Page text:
COMING into the weekend, there were 16 pitchers in the big leagues who owned an earned run average of 5 or worse after throwing at least 50 innings, including the Sox's own Clay Buchholz (who was the worst, at 6.75) and the Yankees' Vidal Nuno, who Boston faced on Friday night.
When Nuno proceeded to throw 5 2/3 scoreless innings Friday night, it further added to yet another indication of how underwhelming the Sox offense has been this season. They've now played nine games started by one of those with a 5-plus ERA - and they're just 4-5 in those contests.
In fact, Nuno's performance signified the second in which one of those pitchers has kept the Sox from scoring, and the fourth in which he was charged with two earned runs or fewer. Accordingly, it lowered the starters' collective earned run average over those nine appearances to 3.54 - essentially meaning that when facing these not-so-mighty Sox, the league's worst have actually been better than the league average.
JOHN LACKEY returns to the mound for the first time since being yanked from it after 3 2/3 innings Monday night, which not only signified his shortest start of the season, but may not have been entirely unforeseen, considering the way he's pitched against winning teams like the Mariners last time, or the Yankees tonight.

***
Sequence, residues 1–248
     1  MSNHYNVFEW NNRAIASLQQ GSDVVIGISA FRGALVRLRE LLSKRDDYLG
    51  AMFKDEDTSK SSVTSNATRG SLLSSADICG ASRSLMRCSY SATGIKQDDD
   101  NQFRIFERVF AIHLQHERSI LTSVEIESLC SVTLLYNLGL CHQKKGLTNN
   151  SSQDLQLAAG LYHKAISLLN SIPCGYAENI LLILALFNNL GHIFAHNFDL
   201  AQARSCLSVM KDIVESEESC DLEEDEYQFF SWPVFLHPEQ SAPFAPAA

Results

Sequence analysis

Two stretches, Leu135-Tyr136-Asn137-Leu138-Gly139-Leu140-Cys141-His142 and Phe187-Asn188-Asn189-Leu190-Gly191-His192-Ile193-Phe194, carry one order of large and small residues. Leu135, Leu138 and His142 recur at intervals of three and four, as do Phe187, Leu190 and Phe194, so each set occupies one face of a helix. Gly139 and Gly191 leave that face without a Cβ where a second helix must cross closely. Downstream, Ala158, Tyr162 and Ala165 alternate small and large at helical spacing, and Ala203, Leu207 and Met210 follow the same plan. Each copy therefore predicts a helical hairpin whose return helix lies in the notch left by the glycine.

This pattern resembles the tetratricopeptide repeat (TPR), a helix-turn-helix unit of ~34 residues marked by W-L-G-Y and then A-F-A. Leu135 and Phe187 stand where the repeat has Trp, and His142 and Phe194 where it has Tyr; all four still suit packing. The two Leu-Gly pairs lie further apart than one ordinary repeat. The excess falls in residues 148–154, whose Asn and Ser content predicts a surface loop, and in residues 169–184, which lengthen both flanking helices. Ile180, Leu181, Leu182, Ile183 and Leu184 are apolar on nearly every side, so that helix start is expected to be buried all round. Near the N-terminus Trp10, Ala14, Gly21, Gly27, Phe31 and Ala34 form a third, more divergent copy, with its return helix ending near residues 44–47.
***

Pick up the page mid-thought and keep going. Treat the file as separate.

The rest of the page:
Specifically, Lackey's earned run average against winning opponents is now exactly triple of what it is against losing clubs, spiking to 5.13 against better competition compared to a sterling 1.71 against the dregs, and it's not just his ERA, either.
In nine starts against winning teams, opponents have posted an .804 OPS against Lackey, bolstered by a .296 batting average, and a .333 on-base percentage that's 90 points better than the excellent .243 rate he's allowed the losers. Meanwhile, the slugging percentage of enemy hitters increases by more than 150 percent, from .302 to .471.
Extra-base hits are more numerous (one every 2.3 innings vs. one every 4.7 innings). Baserunners come easier (0.93 WHIP vs. 1.45). His average start is almost five outs shorter (7 2/3 innings vs. 6 innings). His strikeout rates do actually increase - but still at the expense of his strikeout-to-walk ratio (sliding from 4.88 to 4.15).
The difference is marked, and in Lackey's defense, some of this may be attributable to the significant difference in batting average on balls in play (.255 vs. .362), which suggests some degree of bad luck may shoulder some of the blame. But if the Sox are considering extending Lackey instead of sticking with a contract that would require him to pitch for the major-league minimum next season, his performance in games like tonight's - against a plus-.500 team - should be considered closely.
STAT OF THE WEEK: In the two seasons since the second wild-card berth was introduced, the winner of that playoff spot has averaged 91 wins, and the Red Sox entered Saturday night's first-half finale needing to go 55-27 the rest of the way to reach that mark. The best the 2013 champs did over a stretch so long was 52-30 - though Bobby Valentine's 2012 club is the only Sox team since 2001 that at some point did not win at least 50 games over an 82-game stretch.
Dave D'Onofrio covers the Red Sox for the New Hampshire Union Leader and Sunday News. His e-mail address is firstname.lastname@example.org.